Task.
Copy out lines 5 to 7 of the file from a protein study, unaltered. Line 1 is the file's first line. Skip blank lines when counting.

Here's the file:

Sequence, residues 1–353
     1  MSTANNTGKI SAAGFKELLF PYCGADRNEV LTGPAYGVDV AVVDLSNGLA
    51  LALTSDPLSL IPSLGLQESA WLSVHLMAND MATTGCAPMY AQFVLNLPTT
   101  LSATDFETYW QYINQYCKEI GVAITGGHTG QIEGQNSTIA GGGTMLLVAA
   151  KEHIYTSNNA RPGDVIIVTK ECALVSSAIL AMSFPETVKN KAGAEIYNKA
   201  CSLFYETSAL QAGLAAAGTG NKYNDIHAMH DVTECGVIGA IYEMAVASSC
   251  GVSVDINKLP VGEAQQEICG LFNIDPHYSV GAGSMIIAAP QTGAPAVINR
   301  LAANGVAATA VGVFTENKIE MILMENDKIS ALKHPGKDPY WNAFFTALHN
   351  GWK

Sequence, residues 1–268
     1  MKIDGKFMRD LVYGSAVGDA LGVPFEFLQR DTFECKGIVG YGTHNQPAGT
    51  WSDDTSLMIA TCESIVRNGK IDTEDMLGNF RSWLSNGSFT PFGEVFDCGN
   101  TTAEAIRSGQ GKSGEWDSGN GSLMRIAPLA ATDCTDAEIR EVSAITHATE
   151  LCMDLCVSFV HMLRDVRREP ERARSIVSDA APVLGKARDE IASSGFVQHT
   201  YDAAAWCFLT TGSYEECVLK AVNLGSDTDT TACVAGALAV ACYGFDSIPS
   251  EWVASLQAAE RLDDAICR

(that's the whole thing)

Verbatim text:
   151  KEHIYTSNNA RPGDVIIVTK ECALVSSAIL AMSFPETVKN KAGAEIYNKA
   201  CSLFYETSAL QAGLAAAGTG NKYNDIHAMH DVTECGVIGA IYEMAVASSC
   251  GVSVDINKLP VGEAQQEICG LFNIDPHYSV GAGSMIIAAP QTGAPAVINR